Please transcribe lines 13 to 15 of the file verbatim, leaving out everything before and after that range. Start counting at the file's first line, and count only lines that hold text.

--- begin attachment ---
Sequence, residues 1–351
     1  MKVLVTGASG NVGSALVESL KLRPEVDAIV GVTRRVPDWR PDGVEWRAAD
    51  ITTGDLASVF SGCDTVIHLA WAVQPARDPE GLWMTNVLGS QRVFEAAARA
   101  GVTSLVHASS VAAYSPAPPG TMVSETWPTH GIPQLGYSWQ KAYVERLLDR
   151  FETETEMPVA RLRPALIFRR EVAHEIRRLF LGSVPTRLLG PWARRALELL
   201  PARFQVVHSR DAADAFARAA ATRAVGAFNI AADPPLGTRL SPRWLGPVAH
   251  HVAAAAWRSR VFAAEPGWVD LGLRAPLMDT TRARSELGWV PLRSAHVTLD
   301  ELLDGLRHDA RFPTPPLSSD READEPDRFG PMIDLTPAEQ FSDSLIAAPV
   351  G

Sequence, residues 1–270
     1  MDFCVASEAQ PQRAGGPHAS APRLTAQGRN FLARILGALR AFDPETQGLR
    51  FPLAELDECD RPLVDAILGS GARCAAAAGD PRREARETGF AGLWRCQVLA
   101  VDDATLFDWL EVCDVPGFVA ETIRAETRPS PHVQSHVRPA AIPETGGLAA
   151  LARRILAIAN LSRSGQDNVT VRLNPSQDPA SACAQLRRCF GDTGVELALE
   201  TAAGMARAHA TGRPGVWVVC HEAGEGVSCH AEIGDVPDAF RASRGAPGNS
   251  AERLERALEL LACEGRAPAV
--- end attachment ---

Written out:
   101  VDDATLFDWL EVCDVPGFVA ETIRAETRPS PHVQSHVRPA AIPETGGLAA
   151  LARRILAIAN LSRSGQDNVT VRLNPSQDPA SACAQLRRCF GDTGVELALE
   201  TAAGMARAHA TGRPGVWVVC HEAGEGVSCH AEIGDVPDAF RASRGAPGNS